The former Rutgers University student accused of secretly videotaping an intimate encounter between his roommate, Tyler Clementi, and another man –– an action alleged to have led the gay college freshman to end his life several days later by leaping from the George Washington Bridge –– has been indicted on 15 criminal counts by a Middlesex County, New Jersey grand jury.
The charges against 19-year-old Dharun Ravi, of Plainsboro, New Jersey, announced on April 20, include the original invasion of privacy and attempted invasion of privacy counts made by the county prosecutor last fall, as well as bias charges based on the allegation that, beginning in August 2010 when the defendant learned the identity of his future roommate, he engaged in “bias intimidation” against the victim, who was 18 at the time of his death.
Invasion of privacy, bias intimidation as a sexual offense, witness tampering charged in suicide victim Tyler Clementi's case
In videotaping and live Internet streaming Ravi allegedly performed on September 19 and attempted to repeat on September 21, he “intended to intimidate [Clementi and the man with him] because of their sexual orientation,” the Middlesex prosecutor’s office said in a press release.
Clementi and the other man, on both occasions, were alone in the room the victim shared with Ravi .
The indictment states that Ravi “disclosed a photograph, film, videotape, recording, or other reproduction of the image of T.C. and/ or M.B. whose intimate parts were exposed or who were engaged in an act of sexual penetration or sexual contact without the consent of T.C. and/ or M.B.”
New Jersey law defines invasion of privacy as a sexual offense. Though Clementi’s name is known, neither he nor the man with whom he shared the encounter is identified by name in the indictment.
Ravi is also charged with three counts of tampering with evidence, three counts of hampering his own apprehension, and one count of witness tampering.
The prosecutor charged that the defendant deleted a Twitter post alerting others to the gay men’s September 21 encounter, replacing it “with a false post on Twitter intended to mislead the investigation.” He is also charged with providing false information to investigators and attempting to persuade witnesses not to testify against him.
While the third- and fourth-degree invasion of privacy charges expose Ravi to a penalty ranging from probation to five years in prison, the bias charge is a second-degree offense, which could mean incarceration of five to ten years.
News sources reported last fall that on September 22, a day after the second videotaping episode, Clementi posted an update to his Facebook page reading, “Jumping off the gw bridge sorry.” Paul Mainardi, an attorney for his family, said the young man followed through on that the same day.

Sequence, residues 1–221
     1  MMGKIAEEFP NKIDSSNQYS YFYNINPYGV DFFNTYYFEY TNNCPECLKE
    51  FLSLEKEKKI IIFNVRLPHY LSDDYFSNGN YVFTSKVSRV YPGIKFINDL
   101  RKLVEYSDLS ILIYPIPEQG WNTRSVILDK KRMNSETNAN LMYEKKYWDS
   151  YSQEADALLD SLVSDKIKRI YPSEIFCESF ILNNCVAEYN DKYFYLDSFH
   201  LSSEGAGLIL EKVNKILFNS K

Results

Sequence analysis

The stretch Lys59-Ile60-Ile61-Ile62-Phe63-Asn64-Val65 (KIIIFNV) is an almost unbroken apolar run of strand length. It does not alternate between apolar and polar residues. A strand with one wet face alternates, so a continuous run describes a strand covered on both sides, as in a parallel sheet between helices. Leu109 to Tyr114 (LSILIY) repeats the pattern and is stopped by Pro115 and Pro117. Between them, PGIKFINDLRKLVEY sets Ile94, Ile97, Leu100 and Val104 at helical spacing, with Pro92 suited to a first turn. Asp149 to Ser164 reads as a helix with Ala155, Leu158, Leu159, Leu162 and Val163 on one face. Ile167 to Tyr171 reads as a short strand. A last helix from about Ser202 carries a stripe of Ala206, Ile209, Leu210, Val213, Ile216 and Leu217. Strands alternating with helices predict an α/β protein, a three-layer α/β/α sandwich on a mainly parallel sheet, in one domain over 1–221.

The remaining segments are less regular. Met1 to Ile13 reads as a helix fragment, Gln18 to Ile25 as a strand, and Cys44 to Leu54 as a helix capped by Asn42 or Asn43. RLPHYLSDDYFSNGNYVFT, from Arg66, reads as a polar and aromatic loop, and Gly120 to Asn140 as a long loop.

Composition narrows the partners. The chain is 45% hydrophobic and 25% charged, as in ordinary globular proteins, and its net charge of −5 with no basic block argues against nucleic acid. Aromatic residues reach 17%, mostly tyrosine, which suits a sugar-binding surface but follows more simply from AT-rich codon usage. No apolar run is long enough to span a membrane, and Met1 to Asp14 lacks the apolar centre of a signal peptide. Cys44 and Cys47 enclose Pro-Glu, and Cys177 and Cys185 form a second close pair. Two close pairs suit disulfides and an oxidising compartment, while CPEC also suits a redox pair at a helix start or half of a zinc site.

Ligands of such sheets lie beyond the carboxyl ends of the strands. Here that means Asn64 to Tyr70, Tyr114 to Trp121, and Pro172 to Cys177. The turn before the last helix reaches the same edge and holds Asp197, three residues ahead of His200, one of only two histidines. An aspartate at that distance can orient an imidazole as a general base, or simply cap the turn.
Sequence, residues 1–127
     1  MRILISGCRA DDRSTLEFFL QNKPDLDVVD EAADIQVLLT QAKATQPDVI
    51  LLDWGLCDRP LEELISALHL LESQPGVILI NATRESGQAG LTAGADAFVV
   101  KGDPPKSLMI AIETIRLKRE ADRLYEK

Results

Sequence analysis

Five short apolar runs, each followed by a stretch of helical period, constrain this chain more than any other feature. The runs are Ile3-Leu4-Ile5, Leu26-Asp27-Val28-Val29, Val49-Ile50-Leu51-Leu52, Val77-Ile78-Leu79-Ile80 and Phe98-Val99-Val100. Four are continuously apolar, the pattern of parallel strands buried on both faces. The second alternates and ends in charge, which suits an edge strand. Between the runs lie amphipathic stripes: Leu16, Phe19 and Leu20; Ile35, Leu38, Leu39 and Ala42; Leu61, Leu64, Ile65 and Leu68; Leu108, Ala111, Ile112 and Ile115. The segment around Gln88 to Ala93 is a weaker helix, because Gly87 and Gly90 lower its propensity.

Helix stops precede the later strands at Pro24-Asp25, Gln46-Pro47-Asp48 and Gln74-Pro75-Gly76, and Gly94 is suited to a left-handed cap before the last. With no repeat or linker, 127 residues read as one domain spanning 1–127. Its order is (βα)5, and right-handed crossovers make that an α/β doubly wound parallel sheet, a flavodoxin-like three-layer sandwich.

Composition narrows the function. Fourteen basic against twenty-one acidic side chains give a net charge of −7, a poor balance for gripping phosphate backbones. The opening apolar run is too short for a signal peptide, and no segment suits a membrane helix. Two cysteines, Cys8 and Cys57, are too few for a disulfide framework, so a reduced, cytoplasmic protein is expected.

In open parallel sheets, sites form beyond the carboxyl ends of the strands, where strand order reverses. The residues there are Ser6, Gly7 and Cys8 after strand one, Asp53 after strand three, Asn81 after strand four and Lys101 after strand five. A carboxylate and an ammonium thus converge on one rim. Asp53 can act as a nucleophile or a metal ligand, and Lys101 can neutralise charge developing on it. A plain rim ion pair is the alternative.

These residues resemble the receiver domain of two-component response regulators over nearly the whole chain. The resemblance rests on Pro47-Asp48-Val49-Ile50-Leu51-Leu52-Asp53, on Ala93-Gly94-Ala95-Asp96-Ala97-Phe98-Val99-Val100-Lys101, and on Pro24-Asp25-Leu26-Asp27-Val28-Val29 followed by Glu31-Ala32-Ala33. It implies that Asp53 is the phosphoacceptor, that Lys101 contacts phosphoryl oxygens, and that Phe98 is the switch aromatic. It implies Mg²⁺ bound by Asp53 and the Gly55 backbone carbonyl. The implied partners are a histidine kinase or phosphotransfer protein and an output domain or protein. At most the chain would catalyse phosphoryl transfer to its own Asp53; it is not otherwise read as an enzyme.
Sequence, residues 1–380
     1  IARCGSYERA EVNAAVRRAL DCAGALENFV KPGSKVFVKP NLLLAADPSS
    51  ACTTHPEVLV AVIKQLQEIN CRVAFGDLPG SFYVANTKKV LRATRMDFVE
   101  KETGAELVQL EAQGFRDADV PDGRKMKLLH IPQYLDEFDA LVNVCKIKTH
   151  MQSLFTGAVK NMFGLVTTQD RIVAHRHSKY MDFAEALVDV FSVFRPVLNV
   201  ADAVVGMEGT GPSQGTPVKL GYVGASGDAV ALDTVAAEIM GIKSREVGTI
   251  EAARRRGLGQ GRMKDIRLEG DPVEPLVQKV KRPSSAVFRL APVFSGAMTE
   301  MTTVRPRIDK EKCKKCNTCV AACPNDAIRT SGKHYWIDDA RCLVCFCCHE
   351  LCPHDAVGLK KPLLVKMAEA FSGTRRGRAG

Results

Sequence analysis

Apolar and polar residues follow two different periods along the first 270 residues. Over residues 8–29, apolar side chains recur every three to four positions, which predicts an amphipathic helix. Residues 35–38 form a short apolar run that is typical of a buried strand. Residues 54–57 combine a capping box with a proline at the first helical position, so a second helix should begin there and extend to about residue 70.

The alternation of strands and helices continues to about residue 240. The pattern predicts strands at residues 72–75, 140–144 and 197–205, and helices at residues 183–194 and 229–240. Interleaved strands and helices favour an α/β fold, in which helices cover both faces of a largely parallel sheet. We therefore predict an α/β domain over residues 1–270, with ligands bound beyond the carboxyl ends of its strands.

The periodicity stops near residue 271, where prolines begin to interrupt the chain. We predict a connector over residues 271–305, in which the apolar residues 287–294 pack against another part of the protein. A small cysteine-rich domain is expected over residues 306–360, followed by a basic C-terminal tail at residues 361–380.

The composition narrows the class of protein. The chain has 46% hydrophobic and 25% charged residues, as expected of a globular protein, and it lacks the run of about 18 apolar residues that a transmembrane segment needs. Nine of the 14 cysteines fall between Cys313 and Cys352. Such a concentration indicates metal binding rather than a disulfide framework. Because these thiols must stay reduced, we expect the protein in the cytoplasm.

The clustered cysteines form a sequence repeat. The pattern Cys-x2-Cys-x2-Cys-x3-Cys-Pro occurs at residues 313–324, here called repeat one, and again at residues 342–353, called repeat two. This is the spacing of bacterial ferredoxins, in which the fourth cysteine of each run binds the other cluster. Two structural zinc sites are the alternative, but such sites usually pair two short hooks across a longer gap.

Prior to his suicide message, Clementi, a talented violinist from Ridgewood, New Jersey, had written on Facebook that he reported the harassment to his dormitory resident assistant and other university officials. The RA, he wrote, “seemed to take it seriously.”
Clementi’s death galvanized public attention toward the issue of LGBT youth suicide. On October 3, several thousand turned out in Manhattan’s Washington Square Park for a rain-soaked vigil whose speakers included then-Governor David Paterson and City Council Speaker Christine Quinn.
Social network organizing led by NYU’s Delta Lambda Phi, an affiliate of a national fraternity founded by gay men, identified five young men believed to have recently committed suicide after intense anti-gay harassment — Clementi; two 13-year-old boys, Asher Brown of Harris County, Texas, and Seth Walsh of Tehachapi, California; and two 15-year-olds, Justin Aaberg of Anoka County, Minnesota, and Billy Lucas of Greensburg, Indiana.
In the wake of Clementi’s suicide, Molly W. Wei, a 19-year-old from West Windsor Township, New Jersey, who was also a Rutgers student at the time, was charged alongside Ravi with invasion of privacy. Her case has not yet been presented to a grand jury, though the prosecutor said those “charges are pending and the case against her remains active.”
Both Ravi and Wei withdrew from Rutgers, actions that forestalled any university disciplinary actions against them. Some of their fellow students complained publicly that the two had suffered from a rush to judgment in the case.
After the indictments were announced, Steven Goldstein, chair of Garden State Equality, New Jersey’s LGBT civil rights lobby, released a statement saying, “Without question, the indictment is in the best interests of justice and in the best interests of students across New Jersey, for their potential bullies will now think harder before demolishing another student’s life… To those who say that Mr. Ravi’s conduct was merely a prank that students are apt to pull –– and that somehow he should not receive a tough sentence –– we say that’s nonsense. That heinous philosophy has tragically done so much to create a bullying epidemic in our state and nation in the first place.”